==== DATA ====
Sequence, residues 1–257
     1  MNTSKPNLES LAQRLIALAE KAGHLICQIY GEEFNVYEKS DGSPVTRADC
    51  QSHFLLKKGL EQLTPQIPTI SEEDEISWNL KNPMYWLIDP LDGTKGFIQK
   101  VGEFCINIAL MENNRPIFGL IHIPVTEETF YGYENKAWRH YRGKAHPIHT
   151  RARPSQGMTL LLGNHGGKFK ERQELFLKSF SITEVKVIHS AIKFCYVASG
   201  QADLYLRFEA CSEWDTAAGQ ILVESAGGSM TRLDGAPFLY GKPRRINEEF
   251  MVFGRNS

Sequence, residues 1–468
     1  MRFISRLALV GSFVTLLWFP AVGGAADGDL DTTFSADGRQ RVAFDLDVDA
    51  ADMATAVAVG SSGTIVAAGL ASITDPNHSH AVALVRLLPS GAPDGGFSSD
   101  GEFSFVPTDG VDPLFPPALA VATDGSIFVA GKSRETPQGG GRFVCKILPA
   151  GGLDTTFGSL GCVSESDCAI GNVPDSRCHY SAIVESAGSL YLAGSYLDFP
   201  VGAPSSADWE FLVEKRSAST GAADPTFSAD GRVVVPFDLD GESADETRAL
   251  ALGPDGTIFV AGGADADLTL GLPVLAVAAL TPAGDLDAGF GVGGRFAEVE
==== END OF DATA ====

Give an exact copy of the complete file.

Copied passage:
Sequence, residues 1–257
     1  MNTSKPNLES LAQRLIALAE KAGHLICQIY GEEFNVYEKS DGSPVTRADC
    51  QSHFLLKKGL EQLTPQIPTI SEEDEISWNL KNPMYWLIDP LDGTKGFIQK
   101  VGEFCINIAL MENNRPIFGL IHIPVTEETF YGYENKAWRH YRGKAHPIHT
   151  RARPSQGMTL LLGNHGGKFK ERQELFLKSF SITEVKVIHS AIKFCYVASG
   201  QADLYLRFEA CSEWDTAAGQ ILVESAGGSM TRLDGAPFLY GKPRRINEEF
   251  MVFGRNS

Sequence, residues 1–468
     1  MRFISRLALV GSFVTLLWFP AVGGAADGDL DTTFSADGRQ RVAFDLDVDA
    51  ADMATAVAVG SSGTIVAAGL ASITDPNHSH AVALVRLLPS GAPDGGFSSD
   101  GEFSFVPTDG VDPLFPPALA VATDGSIFVA GKSRETPQGG GRFVCKILPA
   151  GGLDTTFGSL GCVSESDCAI GNVPDSRCHY SAIVESAGSL YLAGSYLDFP
   201  VGAPSSADWE FLVEKRSAST GAADPTFSAD GRVVVPFDLD GESADETRAL
   251  ALGPDGTIFV AGGADADLTL GLPVLAVAAL TPAGDLDAGF GVGGRFAEVE